RFID Provider Opens U.S. Subsidiary To Support A350 Suppliers

AIN Air Transport Perspective » June 27, 2011
MAINtag President Bruno Lore displays an Airbus A350 armrest panel with a blu...
MAINtag President Bruno Lore displays an Airbus A350 armrest panel with a blue RFID tag attached, and an RFID reader. (Photo: Bill Carey)  
June 27, 2011, 8:23 AM

The French company chosen to provide radio-frequency identification (RFID) tags for the first major application on “flyable” aircraft components–the Airbus A350 XWB–has established a branch in Boston to support U.S.-based A350 suppliers in tagging their parts.

MAINtag, based in Paris, won an eight-year contract from Airbus in late 2009 to provide RFID tags that will be affixed to some 3,000 parts on the A350, scheduled to enter service in 2013. MAINtag manufactures the tag body; and memory-chip developer Tego, Inc., of Waltham, Mass., provides the internal, 8-kilobyte memory chip specified by Airbus.

RFID uses radio frequency waves to transfer identification and usage data between tagged components and a reader. The UHF tags developed for use on in-service aircraft are “passive,” without a dedicated power supply–approved only after several years of industry testing and qualification. Use of “active” tags containing an internal power source is prohibited for now, due to concern over potential interference with the tracked components. However, standards organizations are working on battery-powered active tags.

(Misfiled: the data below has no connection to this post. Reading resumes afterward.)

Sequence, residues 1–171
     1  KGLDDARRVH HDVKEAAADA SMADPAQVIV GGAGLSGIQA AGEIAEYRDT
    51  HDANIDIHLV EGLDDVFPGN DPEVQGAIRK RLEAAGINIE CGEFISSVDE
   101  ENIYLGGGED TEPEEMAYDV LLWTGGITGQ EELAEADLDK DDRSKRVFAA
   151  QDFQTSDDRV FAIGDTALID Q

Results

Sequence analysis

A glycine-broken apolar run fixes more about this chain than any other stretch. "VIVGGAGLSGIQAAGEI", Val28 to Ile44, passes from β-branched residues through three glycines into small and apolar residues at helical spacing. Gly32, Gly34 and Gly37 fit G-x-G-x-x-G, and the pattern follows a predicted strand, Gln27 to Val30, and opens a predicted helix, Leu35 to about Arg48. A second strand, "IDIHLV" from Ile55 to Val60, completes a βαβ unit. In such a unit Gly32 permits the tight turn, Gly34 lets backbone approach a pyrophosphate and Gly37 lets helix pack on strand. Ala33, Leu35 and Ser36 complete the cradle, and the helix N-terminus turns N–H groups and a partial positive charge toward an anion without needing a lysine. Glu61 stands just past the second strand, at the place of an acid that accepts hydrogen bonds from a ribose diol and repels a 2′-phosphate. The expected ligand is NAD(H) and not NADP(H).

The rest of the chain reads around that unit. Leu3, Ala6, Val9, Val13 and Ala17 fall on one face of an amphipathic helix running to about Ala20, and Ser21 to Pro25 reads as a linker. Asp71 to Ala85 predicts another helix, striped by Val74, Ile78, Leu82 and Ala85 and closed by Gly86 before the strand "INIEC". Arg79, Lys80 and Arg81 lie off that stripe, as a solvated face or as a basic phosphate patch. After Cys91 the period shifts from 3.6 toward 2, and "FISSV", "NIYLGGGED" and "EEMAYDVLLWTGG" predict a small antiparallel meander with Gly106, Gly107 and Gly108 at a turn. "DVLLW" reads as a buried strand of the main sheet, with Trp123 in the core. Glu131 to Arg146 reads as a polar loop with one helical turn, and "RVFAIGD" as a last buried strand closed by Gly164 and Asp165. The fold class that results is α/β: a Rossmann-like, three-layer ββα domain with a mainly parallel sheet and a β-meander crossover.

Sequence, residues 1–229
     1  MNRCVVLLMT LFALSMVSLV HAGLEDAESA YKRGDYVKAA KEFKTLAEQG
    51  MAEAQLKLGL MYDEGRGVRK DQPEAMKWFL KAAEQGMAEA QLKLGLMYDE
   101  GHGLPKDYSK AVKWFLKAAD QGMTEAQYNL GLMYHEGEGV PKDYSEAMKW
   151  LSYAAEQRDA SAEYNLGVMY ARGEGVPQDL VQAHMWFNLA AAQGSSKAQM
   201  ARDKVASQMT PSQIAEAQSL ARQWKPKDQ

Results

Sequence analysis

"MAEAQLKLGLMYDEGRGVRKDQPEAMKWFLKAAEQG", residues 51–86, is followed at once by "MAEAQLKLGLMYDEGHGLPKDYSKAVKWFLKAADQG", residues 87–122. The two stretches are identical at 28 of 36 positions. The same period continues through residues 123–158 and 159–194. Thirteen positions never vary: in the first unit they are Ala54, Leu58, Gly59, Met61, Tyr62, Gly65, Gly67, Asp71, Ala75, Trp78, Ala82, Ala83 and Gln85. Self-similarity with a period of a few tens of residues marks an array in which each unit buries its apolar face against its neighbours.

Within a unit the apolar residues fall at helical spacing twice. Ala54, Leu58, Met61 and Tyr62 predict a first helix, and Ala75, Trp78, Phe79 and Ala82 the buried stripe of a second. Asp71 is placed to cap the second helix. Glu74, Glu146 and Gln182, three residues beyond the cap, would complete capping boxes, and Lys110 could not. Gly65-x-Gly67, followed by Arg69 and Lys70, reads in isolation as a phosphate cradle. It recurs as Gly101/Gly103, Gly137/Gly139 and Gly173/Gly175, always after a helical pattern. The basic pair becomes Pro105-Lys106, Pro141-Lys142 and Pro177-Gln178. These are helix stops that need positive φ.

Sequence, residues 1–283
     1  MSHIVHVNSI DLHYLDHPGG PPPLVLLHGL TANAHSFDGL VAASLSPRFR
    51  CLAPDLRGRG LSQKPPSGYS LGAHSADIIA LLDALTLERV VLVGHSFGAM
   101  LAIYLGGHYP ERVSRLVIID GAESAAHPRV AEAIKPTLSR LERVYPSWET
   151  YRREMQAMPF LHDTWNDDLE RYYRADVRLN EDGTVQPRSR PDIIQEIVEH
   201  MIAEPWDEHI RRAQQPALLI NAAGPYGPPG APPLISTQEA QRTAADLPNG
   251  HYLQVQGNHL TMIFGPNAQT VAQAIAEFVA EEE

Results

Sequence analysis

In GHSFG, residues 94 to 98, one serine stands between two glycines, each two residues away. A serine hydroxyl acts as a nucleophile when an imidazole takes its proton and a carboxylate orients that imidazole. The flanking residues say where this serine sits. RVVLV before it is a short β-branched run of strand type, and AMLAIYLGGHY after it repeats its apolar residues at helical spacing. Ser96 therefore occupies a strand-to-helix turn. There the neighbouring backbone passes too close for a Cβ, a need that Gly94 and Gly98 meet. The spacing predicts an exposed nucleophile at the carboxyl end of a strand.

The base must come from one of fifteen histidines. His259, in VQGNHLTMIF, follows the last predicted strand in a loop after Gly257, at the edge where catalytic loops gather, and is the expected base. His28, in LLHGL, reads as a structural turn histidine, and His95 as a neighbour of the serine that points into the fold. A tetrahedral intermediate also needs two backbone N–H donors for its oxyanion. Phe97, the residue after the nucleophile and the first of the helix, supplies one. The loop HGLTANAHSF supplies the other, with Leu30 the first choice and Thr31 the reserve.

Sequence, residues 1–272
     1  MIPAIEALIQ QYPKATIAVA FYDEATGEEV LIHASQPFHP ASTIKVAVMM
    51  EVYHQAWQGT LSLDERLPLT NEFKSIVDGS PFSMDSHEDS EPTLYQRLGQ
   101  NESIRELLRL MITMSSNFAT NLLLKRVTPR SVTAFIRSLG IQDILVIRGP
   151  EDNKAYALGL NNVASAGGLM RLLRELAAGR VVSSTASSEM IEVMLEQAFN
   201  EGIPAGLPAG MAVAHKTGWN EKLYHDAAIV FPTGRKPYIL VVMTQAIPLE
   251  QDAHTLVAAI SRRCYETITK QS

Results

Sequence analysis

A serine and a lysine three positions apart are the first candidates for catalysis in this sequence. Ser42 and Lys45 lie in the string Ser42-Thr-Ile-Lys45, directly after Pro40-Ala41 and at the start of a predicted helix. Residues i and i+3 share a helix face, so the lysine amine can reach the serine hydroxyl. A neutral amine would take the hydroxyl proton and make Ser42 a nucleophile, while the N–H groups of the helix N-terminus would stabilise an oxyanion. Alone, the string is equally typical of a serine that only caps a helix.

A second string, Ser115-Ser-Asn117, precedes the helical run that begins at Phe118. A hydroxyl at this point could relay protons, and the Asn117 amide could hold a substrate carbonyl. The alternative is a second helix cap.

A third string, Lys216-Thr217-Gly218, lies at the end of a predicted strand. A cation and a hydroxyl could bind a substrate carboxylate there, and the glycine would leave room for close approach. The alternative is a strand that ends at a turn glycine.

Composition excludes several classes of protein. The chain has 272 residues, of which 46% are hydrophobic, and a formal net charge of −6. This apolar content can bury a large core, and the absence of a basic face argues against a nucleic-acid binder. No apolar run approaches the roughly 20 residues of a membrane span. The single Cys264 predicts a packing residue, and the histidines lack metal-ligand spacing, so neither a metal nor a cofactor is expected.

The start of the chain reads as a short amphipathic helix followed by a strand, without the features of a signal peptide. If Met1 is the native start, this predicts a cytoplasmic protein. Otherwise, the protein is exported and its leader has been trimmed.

The A350 will be the first Airbus aircraft to use passive RFID tags on flyable parts, or parts installed on working airplanes, as opposed to parts awaiting service in maintenance facilities. Such flyable parts include those used in pressurized areas, such as avionics equipment, audiovisual equipment, seats and oxygen generators, and in non-pressurized areas, such as engines, wings, major components and subassemblies. 

“This [Airbus] decision is an historic decision in the aircraft industry. It is the first time worldwide that a program has chosen RFID to track and trace parts,” said MAINtag President Bruno Lore, interviewed last week at the Paris Air Show.

Lore said the contract with Airbus covers “95 percent of A350 program parts; the remaining 5 percent we’re still discussing with Airbus. It means that, de-facto, MAINtag is number-one in the world for RFID on parts. This is very important to us, because we are still a small company, and with this contract we are going to grow with the markets.”

The company in April established a subsidiary in Boston to support U.S.-based A350 suppliers. Alexis Beurdeley, MAINtag sales manager, said MAINtag ships its FLYtag-brand RFID tags to suppliers such as Rockwell Collins, Parker Aerospace and Pacific Scientific Aerospace, which attach the tags before delivering their wares to Airbus.

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